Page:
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HUNGARIAN PHOTOGRAPHY IN THE TWENTIETH CENTURY

March 14, 2012  •  Leave a Comment

 

Most serious photographers will have visited the Royal Academy’s recent exhibition “Eyewitness - Hungarian photography in the twentieth century” during its run.  Like me, you probably went several times to see this incredible collection of over 200 images from some of the greatest photographers of the last century. 

In 1931, eight Hungarian photographers figured in Modern Photography’s list of the best 100 photographs in the world - more than any other nation.  It’s interesting to consider the extent to which these images could be considered part of a single Hungarian School, or whether they are the works of individual photographers who happened to be Hungarian. 

The Hungarian tradition inevitably centres around its five most famous exponents - Brassai, Robert Capa, Andre Kertesz, Laslo Maholy-Nagy and Martin Munkacsi.  All left Hungary to live and work in west European or American cities, bringing their native grounding to photojournalism, fashion, reportage and art photography.  But did that grounding engender a commonality of style? 

Early Hungarian photography did seem to draw on distinctly national themes.  Rudolf Balogh and Erno Vadas’ images of the Hungarian landscape, farmers, shepherds, harvests, and even urban industrial themes, speak to a concern to use photography to convey Hungarian culture. A “Magayar Style” seems, at least briefly, to have emerged: these images showed an acute sense of light and shade, carefully considered and cropped compositions, strong graphical lines, but all linked with a profound sense of humanity. 

As the key figures left Hungary, their concerns and styles inevitably changed and developed.  Brassai left Hungary early to work as a journalist in Berlin and Paris.  Under Kertesz’ influence, he took up photography and his Paris de nuit (1932) was a huge success.  Capa also came from journalism: moving to Berlin, Paris and America, his reputation was established by his images from the Spanish Civil War and he continued photographing conflicts through to Vietnam in the 1950s. Kertesz moved to work in photojournalism in Paris in 1925 relocating to America in 1936.  Maholy-Nagy developed his photographic skills at the Bauhaus in the 1920s whilst Munkasci revolutionised fashion photography in the US in the 1930s after a spell in Berlin.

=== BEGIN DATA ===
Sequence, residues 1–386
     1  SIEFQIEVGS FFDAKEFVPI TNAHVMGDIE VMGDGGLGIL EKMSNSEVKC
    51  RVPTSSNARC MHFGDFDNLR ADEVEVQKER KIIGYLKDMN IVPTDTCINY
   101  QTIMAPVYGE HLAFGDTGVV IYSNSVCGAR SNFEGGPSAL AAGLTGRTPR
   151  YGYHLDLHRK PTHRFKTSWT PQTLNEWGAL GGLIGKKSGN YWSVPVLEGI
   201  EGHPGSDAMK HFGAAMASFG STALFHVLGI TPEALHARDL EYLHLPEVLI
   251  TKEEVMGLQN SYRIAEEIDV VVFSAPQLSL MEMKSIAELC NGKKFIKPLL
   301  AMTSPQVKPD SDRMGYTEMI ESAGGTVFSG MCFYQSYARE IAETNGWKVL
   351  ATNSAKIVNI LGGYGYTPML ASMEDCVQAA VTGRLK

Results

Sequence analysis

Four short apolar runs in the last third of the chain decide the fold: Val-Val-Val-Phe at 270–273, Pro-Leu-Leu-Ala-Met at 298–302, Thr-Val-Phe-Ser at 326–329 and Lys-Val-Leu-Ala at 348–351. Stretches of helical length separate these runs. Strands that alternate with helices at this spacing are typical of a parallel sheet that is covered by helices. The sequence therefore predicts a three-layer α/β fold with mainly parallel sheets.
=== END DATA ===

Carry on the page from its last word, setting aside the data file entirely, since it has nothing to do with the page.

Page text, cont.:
Yet, throughout these widely differing concerns, key creative elements recur.  The success of Brassai’s book Nuits de Paris must surely rest on the striking use of light and dark and strong lines which Paris’ newly-installed electric lighting created on the wet cobblestones and street patterns.

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Maholy-Nagy’s geometrical forms and unconventional photograms use light, shadow, space, mass and colour creatively, fusing native Hungarian and Bauhaus traditions. 

 

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Similar concerns can be seen in Munkacsi’s Beach

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In his Nude in straw hat, Munkacsi showed how emphasising light and shade and strong graphical design would revolutionise fashion photography.

 

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Capa is best known for his iconic image from the Spanish Civil War, but we see how his style of war photography developed to become less formal, more humanist,  but the more powerful for it.  Second World War images of American pilots or civilians drinking tea show this, while  Woman who had a child with german soldier is quite chilling.

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We must finish with Kertesz, the oldest of the five and perhaps the most Hungarian rooted. The cropping of Elizabeth and I reveals so much by hiding so much. But it must be the stunning graphics of Landing Pigeon, Lost Cloud and Washington Square that best illustrate the native tradition of which he was an early pupil. 

 

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Whether these creative elements survived the dead hand period of Socialist Realism and beyond in Hungary is debatable.  The more recent images remain immensely powerful, but if there is a Hungarian School, it must rest in the work of the big five.

 

 


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